Just flush it down the drain!

Incipient note: People have complained about my toilet humour before. Now at least they’ve got a point.


Last Thursday we came back from a one-week holiday. We touched down in Gatwick and, being the good female that I am, I was bursting for a pee. I mean, I had to strap myself into a seat for all of landing and taxiing and then there was a queue to get off the plane at that, so it was almost 30 minutes without access to a loo. That’s just inhumane! But I digress.

The real horror came when I finally reached the first lavatory in the airport building.

On this planet, toilet designs with questionable aesthetics abound, and I’m afraid I have seen (and used) them all: Squat toilets, latrines, port-a-potties, outhouses, German dry pan toilets (they are great because your bottom stays dry but they smell like… well, potty), toilets that clog up so easily that you can’t throw the toilet paper in but have to toss it into a basket next to the loo instead…

The shocking part about British toilets, however, is not the bowl design, it’s the flushing system. Every time I am at a restaurant, cinema, supermarket, pub, park, swimming pool, mall, airport or other public place and need to take a leak, I tremble with anticipation of what I might find.

Unfortunately, in an estimated 90 % of all public powder rooms, I am greeted by The Handle.



Note that The Handle is inevitably attached to a humongous cistern


This sight instantly triggers an imaginary sound in my auditory cortex, namely the signature screech from ‘Psycho’. That’s when I know I will speedily have to don my mental Kevlar vest to protect myself from getting too worked up about two things:

1. I will probably have to push down the lever several times with all my might in order to pump up enough water and get the flushing in motion. I try to see this part as a challenge. One can never get too much exercise.

2. Once the flushing has started, the complete tank contents will empty into the bowl and drown my modest number one in insane amounts of unnecessarily wasted drinking water. This part never fails to piss me off, no matter how thick the Kevlar.

I am frequently tempted to not flush at all, especially if the culprit isn’t me but my little monster with his *wee* bladder. But then I figure that I wouldn’t like that very much if I was the next person to use this particular cubby hole. So I flush. And try not to scream.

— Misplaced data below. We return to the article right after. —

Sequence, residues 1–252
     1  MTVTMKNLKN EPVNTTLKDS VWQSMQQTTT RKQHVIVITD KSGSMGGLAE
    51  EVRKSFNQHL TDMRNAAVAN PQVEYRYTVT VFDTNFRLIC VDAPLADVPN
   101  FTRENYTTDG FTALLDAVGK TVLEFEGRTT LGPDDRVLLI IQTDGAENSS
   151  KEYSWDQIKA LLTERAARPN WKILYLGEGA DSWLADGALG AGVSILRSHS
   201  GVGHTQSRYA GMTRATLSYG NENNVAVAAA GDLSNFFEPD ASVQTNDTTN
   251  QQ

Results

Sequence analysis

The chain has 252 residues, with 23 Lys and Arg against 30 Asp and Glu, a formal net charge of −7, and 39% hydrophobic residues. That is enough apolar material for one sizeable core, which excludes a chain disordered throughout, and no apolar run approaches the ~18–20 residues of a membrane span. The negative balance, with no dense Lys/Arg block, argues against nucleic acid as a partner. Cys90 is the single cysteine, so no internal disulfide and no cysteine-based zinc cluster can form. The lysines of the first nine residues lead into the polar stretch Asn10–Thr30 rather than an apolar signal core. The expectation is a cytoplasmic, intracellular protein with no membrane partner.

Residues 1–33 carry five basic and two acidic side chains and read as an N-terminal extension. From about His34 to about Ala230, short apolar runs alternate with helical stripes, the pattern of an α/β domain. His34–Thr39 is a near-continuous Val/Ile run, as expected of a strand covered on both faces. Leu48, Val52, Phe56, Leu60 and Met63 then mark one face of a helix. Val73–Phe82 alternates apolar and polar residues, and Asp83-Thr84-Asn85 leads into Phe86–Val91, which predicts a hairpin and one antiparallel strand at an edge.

We had a toilet like that in the early 70ies. Sooo last millennium! (Image: Wikipedia)

True, we are on an island here which, by all accounts, is haunted by copious amounts of precipitation. That’s actually a myth. As a matter of fact, East Anglia, which is the part of the country I live in, gets less annual rainfall than my home town Berlin which itself lies in one of the driest areas in Germany.

So why on earth are you insisting on using flushing mechanisms like in the times of the invention of WCs?!

Where I come from, it has been the standard for decades to equip toilets with start/stop devices. Depending on the degree of soiling you just push the stop button or tip the rocker switch back into its original position as soon as the bowl is clean. Easy.


German flushing systems rock! (Image: Wikipedia)





I have never seen this logical and simple solution anywhere in the UK. That frankly baffles me.

Granted, once in a while I come across a rather modern cistern here with a dual flush system. These will allow you to choose between two different flush volumes. If you’re lucky, the right amount for your needs is among them.


Thankfully, the loos in our house are fitted with this nifty system. Otherwise I would probably just stop eating and drinking altogether.

I mean, you don’t have to be a quantum physicist to figure out that even in a normal household, with East Anglian water prices, the installation of a water-wise flushing mechanism is an investment that pays off before you can say “economic crisis”. Seeing how much more often public conveniences are used compared to my humble home, upgrading them might just *pan* out nicely from a financial point of view.


Now, please don’t get me started on the environmental aspect of wasting water!